Westcomb and I worked together over the course of 7 years, to build a strong visual identity and shift their business model towards Direct-To-Consumer, away from their earlier distribution model.
Westcomb is a small Vancouver-based apparel manufacturer famous within the outdoor industry for making some of the most technically advanced gear in the market. In 2013, when we first began working together, Alan and his team were seeking a strong brand identity to appeal to a much broader, lifestyle-oriented audience.
At that time, Westcomb were using a distribution model which was reducing the amount of value they were able to pass along to consumers, and adding constraints around the branding itself. Until then, the brand was a lacking cohesive visual identity and clear messaging. While the website was functional, it lacked in visual and consumer appeal, being targeted exclusively to enthusiasts who understood the technical details and jargon.
They did, however, have a large Instagram following due to a constant feed of inspiring adventure photography (this has grown to 29k at the time of writing) and an ethos of "Human Powered Adventures." After harmonizing the basic brand elements – a fresher (proudly Canadian) bright red and Gotham as the corporate, bold and highly legible typeface – we began to reflect the vision of "Human Powered Adventures" visually throughout the brand.
Despite Westcomb's social popularity, the customer base was small but fiercely loyal. So we wanted to grow the brand's appeal, without diluting or alienating this core base. Westcomb started an ambassador program, where in exchange for sponsorship, ambassadors supplied us with a constant stream of photography from their latest adventures. In this way, we were able to embrace, reflect, and grow this community by using photography sourced directly from within.
We set some basic photography guidelines. Images should always contain a human and element of adventure, they should feature wide open spaces and place a human in the center of it, a sense of fun was good, a sense of human endurance was better, and of course, ambassadors should be sporting Westcomb gear.
As Westcomb pivoted from a reseller distribution model to a direct-to-consumer brand, the website took on a much more central and strategic role. I worked with Euphemia Wong to audit the current site map. Via a reverse card sorting paired with our quantitative and qualitative data analysis, Euphemia was able to structure the sitemap so that it agreement scoring was improved by 20%. The most notable changes involved the revising some of the language on the site (for example 'Our Ethos' to 'About Us'), to match the terms users use, and to better group the information related to after sales care.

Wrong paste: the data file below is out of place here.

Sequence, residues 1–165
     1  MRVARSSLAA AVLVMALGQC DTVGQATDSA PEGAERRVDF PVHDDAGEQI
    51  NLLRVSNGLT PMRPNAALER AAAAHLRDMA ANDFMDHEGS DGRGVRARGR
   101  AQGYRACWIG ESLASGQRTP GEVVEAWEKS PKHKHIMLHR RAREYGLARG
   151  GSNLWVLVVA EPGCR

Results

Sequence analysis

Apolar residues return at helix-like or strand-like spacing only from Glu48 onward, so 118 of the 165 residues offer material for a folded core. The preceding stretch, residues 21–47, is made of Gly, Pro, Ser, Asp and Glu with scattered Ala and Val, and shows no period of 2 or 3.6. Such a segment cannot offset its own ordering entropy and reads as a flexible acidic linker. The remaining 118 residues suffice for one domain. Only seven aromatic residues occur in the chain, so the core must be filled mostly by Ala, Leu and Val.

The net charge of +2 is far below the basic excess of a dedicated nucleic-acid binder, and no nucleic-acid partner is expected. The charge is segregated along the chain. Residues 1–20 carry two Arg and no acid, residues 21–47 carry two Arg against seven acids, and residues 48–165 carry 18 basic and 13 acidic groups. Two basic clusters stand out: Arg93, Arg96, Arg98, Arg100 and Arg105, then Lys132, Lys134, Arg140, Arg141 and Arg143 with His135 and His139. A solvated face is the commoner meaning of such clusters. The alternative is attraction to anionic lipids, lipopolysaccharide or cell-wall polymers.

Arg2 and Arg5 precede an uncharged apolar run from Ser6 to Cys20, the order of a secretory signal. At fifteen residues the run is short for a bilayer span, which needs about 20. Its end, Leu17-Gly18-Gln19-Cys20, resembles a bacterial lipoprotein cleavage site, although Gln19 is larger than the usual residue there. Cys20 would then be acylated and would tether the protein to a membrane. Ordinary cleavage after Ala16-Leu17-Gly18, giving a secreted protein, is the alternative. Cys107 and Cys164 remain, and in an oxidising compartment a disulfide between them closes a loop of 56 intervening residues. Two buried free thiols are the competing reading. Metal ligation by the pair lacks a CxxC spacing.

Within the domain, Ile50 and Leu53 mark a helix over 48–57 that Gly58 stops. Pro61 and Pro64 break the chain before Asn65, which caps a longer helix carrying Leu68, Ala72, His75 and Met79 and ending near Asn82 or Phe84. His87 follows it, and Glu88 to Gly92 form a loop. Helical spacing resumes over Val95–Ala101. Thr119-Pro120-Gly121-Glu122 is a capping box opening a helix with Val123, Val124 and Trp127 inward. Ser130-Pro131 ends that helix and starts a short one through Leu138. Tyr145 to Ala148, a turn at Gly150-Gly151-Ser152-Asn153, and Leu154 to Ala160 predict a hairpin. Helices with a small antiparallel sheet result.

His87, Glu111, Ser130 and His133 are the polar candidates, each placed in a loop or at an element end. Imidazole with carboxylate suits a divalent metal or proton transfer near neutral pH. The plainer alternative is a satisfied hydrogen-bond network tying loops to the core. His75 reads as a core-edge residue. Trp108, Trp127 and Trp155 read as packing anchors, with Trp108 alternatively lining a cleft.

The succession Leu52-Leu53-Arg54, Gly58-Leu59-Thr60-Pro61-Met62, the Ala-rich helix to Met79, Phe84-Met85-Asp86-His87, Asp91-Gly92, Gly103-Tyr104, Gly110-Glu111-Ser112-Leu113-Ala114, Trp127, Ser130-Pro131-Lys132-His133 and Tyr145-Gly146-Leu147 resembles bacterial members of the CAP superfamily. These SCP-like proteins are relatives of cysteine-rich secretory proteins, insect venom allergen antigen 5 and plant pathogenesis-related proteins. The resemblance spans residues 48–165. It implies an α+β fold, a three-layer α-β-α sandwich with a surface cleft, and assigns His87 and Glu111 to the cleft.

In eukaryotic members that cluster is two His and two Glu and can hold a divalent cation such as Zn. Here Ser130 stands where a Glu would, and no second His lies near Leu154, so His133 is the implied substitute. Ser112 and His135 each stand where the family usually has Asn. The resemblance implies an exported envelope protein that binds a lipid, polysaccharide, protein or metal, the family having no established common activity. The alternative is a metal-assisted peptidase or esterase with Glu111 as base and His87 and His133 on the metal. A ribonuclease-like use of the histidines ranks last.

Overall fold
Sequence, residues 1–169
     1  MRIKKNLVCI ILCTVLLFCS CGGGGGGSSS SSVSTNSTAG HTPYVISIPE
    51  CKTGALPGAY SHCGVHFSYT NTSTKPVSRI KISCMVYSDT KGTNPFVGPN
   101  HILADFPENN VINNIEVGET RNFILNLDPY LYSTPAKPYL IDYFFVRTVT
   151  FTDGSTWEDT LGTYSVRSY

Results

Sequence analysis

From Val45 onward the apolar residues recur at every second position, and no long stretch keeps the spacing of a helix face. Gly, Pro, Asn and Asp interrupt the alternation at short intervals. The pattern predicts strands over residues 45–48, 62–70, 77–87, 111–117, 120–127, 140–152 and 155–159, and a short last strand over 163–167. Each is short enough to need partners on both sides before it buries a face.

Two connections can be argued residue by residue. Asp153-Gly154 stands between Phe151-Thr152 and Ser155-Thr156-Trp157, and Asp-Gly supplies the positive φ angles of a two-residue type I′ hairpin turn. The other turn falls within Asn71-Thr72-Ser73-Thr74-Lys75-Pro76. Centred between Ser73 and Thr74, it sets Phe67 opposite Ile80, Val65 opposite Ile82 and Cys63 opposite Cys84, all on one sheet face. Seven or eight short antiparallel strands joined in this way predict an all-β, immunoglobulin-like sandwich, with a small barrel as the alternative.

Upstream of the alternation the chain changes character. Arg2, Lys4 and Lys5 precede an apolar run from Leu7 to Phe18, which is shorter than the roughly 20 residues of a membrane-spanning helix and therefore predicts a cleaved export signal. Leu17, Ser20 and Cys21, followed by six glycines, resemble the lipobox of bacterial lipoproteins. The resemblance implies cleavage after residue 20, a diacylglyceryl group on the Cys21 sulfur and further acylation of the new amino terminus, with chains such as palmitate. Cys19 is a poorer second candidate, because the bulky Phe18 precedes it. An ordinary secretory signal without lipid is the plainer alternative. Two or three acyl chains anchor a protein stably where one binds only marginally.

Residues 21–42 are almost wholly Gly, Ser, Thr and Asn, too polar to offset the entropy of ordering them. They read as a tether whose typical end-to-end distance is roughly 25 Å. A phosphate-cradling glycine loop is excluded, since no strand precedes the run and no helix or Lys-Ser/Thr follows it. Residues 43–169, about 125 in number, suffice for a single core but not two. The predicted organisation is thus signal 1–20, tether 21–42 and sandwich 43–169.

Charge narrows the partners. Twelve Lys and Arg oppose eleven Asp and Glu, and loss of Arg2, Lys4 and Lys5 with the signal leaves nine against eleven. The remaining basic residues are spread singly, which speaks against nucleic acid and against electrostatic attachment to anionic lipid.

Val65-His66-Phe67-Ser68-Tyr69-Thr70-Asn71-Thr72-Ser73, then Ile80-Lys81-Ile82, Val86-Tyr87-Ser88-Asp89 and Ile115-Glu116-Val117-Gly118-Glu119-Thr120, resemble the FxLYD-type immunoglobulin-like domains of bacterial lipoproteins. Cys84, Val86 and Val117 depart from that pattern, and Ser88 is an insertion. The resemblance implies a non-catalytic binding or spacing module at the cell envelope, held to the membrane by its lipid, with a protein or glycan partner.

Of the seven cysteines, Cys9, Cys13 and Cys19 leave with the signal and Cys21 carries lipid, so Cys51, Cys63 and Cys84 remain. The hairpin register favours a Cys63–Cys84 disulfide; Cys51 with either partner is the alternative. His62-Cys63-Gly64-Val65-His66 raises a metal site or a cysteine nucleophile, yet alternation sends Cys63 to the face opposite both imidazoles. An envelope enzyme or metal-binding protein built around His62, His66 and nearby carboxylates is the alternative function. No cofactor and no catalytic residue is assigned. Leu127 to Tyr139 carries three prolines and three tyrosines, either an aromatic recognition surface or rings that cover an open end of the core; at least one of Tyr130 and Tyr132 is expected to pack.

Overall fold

We combined these structural navigation changes with strategic visual changes: strong visual hierarchy, large images and product image titles, clear supporting information and next steps, social links moved to the main navigation bar (due to their success), quick links to the most frequently searched product categories added to the home page, and a library of icons built around product features, such as resistance to cold, waterproof, windproof and so on, to help lifestyle buyers quickly understand the more technical garment details.
In each iteration of the website, I used a combination of Sketch to design, and InVision wireframes to walk Westcomb and their developers through the user's journey.
This new visual identity was then rolled out across everything from hang tags and heat transfers to targeted digital campaigns and print catalogues. In each instance, retaining the sense of space, adventure, proud Canadian red, and strategic idea of "Human Powered Adventures" that are at the heart of the brand’s identity.
With a cohesive brand identity in place, Westcomb began bringing "Human Powered Adventures" to the world. In the Chinese market, Canadian outdoor goods are viewed as a luxury item (see Canada Goose). This in turn provided a feedback loop of sorts, with website designs starting to take on a more upscale tone (see the 2020 website evolution above) through the introduction of serif typefaces, a greater focus on product details, and the incorporation of Westcomb's manufacturing heritage in to the brand story.
Over the 7 years I’ve worked with Westcomb, we’ve been able to build a strong, cohesive visual identity rooted in the adventure community from which it came. Westcomb's competitors have budgets that dwarf what we had to work with, so we've always had to be strategic and resourceful with what we were able to create. As the brand continues to evolve, the design needs to extend and scale to appeal to an ever wider and more international audience. The work is far from over.